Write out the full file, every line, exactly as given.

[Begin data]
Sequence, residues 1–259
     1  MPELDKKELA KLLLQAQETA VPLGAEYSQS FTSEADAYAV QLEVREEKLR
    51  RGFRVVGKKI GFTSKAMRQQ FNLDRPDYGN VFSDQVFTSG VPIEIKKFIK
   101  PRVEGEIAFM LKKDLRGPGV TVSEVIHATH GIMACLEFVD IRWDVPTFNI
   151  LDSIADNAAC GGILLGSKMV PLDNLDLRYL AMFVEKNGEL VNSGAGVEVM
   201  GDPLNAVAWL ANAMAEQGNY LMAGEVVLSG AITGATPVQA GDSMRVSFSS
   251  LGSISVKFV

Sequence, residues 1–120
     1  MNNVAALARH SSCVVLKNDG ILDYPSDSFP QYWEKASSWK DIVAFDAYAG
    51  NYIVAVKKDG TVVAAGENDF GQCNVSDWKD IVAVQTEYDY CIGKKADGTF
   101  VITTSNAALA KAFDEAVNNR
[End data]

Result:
Sequence, residues 1–259
     1  MPELDKKELA KLLLQAQETA VPLGAEYSQS FTSEADAYAV QLEVREEKLR
    51  RGFRVVGKKI GFTSKAMRQQ FNLDRPDYGN VFSDQVFTSG VPIEIKKFIK
   101  PRVEGEIAFM LKKDLRGPGV TVSEVIHATH GIMACLEFVD IRWDVPTFNI
   151  LDSIADNAAC GGILLGSKMV PLDNLDLRYL AMFVEKNGEL VNSGAGVEVM
   201  GDPLNAVAWL ANAMAEQGNY LMAGEVVLSG AITGATPVQA GDSMRVSFSS
   251  LGSISVKFV

Sequence, residues 1–120
     1  MNNVAALARH SSCVVLKNDG ILDYPSDSFP QYWEKASSWK DIVAFDAYAG
    51  NYIVAVKKDG TVVAAGENDF GQCNVSDWKD IVAVQTEYDY CIGKKADGTF
   101  VITTSNAALA KAFDEAVNNR